Many have remarked — correctly — that you don’t see many high school football games end the way hundreds witnessed Friday night at Pirate Stadium in Platte City.
I scoured my brain trying to recall similar finishes in my ever-lengthening career covering sports — about 18 years now if you count high school. Not many came to mine that packed the excitement and emotion of Platte County’s 35-28 win over Class 5 Liberty in overtime.
I went home and pounded out my 1,500-word story in about an hour, eager to put an account on the web for readers to use in remembering the events. Three touchdowns in the final 1 minute, 43 seconds of regulation leading to overtime and then Devin Richardson’s game-winning touchdown.
A lot of memories were made that night, and I was glad to be there.
For all its imperfections, I can’t help but remain in love with football. I look forward to it each weekend in the fall — Fridays for high school, Saturdays for college and Sunday for the NFL with a few other weekday games sprinkled in as the schedule allows.
This weekend ended a little differently than others.
I certainly tuned in all day to the NFL on Sunday but ended up digesting more than football. While sports and politics are often told not to intermingle, this wouldn’t be the case this weekend — and possibly for many more moving forward.
As the hosts of Pardon My Take (my favorite sports podcast) said on Monday morning, “We don’t want to get too political, but we’re going to talk some football.”
I’m sure you’ve engaged in the debate or at least been witness to the opinions on players across the league taking a knee during the national anthem to protest racial inequality. President Trump helped stoke the emotions with plenty of Twitter statements.
I agree with any person’s right to protest in America, even if I don’t like it. Could there be a better venue for these actions to draw attention to social injustices?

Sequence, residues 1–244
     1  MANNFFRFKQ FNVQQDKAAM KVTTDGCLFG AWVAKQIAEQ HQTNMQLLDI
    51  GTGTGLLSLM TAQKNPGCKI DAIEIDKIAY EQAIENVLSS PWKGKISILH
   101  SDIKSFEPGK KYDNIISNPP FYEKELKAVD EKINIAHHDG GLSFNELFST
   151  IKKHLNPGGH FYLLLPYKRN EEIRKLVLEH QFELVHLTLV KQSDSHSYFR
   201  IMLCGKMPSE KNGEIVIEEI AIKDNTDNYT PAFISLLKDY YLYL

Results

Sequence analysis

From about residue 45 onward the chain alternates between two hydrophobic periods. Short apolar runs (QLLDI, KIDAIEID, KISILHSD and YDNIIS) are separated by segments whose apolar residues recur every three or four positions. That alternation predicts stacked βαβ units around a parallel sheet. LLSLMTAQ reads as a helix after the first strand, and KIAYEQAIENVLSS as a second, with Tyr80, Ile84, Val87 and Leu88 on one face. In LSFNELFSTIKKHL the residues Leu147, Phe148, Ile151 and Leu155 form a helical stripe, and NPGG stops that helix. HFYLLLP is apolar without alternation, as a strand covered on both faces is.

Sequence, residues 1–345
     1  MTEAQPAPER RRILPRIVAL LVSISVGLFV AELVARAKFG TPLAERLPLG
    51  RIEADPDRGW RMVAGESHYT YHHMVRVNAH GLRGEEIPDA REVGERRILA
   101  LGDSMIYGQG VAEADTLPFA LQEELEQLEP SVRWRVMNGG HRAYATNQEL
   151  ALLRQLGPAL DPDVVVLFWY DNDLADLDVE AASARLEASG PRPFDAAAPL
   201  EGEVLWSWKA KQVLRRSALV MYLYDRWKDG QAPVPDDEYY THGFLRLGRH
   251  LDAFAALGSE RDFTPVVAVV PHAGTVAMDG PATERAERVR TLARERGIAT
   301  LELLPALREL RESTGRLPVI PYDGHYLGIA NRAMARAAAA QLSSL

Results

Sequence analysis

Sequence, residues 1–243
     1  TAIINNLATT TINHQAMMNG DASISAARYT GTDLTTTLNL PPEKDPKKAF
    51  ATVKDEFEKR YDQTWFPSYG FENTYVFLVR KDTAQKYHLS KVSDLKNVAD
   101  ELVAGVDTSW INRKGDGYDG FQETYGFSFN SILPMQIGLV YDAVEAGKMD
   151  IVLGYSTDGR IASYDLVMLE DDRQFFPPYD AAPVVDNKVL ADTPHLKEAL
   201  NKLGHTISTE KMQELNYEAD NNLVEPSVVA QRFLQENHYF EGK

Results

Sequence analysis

I’d like to think so. However, I don’t agree with burning a flag as a form of protest, but I respect that it has been shown to be a legal act.
Regardless, people on both sides have started researching flag and anthem decorum more than a sixth grade Civics class, each trying to present the “right argument.” Stand for the anthem lest you disrespect the country and members of the military who presently fight, have fought or paid the ultimate sacrifice; don’t use patriotism as a tool to oppress free speech.
I’m not sure there is a right answer, but I know that athletes have as much right to speak their minds — through words or actions — as any citizen. Making millions from playing a sport doesn’t disqualify them from using their platform to speak for those who aren’t as readily heard.
The conversation remains difficult for some, but hopefully, this can truly be the conversation starter so many desire. We’ll get back to just football eventually, but for now, sports and politics will be inseparable whether we like it or not.
Ross Martin is publisher of The Citizen. He may be reached via email at email@example.com. Follow him on Twitter: @Citizen_Ross.